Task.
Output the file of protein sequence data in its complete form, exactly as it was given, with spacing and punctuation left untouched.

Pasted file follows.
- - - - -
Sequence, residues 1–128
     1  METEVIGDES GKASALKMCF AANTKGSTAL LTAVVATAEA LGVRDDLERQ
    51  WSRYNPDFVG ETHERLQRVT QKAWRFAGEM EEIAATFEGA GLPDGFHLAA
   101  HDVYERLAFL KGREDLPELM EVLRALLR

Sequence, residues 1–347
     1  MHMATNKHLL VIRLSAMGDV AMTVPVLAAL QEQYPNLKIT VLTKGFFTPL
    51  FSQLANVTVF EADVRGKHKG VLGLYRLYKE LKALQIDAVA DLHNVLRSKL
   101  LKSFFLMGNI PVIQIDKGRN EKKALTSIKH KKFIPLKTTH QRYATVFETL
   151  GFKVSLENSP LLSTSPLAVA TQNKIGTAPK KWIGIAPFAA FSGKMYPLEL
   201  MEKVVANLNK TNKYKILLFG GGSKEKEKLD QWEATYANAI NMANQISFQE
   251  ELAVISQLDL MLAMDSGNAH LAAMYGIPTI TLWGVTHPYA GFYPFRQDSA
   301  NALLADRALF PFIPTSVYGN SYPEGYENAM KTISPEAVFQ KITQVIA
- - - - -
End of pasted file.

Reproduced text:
Sequence, residues 1–128
     1  METEVIGDES GKASALKMCF AANTKGSTAL LTAVVATAEA LGVRDDLERQ
    51  WSRYNPDFVG ETHERLQRVT QKAWRFAGEM EEIAATFEGA GLPDGFHLAA
   101  HDVYERLAFL KGREDLPELM EVLRALLR

Sequence, residues 1–347
     1  MHMATNKHLL VIRLSAMGDV AMTVPVLAAL QEQYPNLKIT VLTKGFFTPL
    51  FSQLANVTVF EADVRGKHKG VLGLYRLYKE LKALQIDAVA DLHNVLRSKL
   101  LKSFFLMGNI PVIQIDKGRN EKKALTSIKH KKFIPLKTTH QRYATVFETL
   151  GFKVSLENSP LLSTSPLAVA TQNKIGTAPK KWIGIAPFAA FSGKMYPLEL
   201  MEKVVANLNK TNKYKILLFG GGSKEKEKLD QWEATYANAI NMANQISFQE
   251  ELAVISQLDL MLAMDSGNAH LAAMYGIPTI TLWGVTHPYA GFYPFRQDSA
   301  NALLADRALF PFIPTSVYGN SYPEGYENAM KTISPEAVFQ KITQVIA